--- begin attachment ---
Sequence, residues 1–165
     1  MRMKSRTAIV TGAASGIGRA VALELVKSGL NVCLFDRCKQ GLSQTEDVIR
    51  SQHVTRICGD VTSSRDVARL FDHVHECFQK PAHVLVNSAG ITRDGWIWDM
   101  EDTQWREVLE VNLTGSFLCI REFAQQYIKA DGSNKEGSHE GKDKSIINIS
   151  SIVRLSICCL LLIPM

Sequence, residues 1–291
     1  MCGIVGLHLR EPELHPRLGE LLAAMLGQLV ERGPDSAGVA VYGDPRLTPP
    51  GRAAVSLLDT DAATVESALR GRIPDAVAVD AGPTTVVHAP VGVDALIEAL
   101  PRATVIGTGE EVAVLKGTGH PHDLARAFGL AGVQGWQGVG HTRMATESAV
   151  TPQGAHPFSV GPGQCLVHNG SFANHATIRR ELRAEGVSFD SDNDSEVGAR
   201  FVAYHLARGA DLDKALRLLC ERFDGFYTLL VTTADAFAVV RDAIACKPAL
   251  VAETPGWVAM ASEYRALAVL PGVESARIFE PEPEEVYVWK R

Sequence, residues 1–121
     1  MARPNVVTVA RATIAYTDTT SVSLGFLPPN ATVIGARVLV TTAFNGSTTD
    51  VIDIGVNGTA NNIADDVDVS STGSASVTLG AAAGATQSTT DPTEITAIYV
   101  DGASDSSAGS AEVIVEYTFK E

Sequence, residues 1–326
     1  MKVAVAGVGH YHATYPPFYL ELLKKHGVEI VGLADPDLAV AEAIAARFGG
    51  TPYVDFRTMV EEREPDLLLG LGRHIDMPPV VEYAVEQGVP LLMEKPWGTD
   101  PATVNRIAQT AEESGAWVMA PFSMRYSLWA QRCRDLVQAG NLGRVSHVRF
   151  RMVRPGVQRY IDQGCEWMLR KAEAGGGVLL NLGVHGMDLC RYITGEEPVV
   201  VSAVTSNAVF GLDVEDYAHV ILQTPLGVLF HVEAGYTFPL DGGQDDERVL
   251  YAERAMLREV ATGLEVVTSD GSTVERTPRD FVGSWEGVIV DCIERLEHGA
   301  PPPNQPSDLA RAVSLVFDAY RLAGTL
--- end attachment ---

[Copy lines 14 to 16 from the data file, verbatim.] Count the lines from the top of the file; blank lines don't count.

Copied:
     1  MARPNVVTVA RATIAYTDTT SVSLGFLPPN ATVIGARVLV TTAFNGSTTD
    51  VIDIGVNGTA NNIADDVDVS STGSASVTLG AAAGATQSTT DPTEITAIYV
   101  DGASDSSAGS AEVIVEYTFK E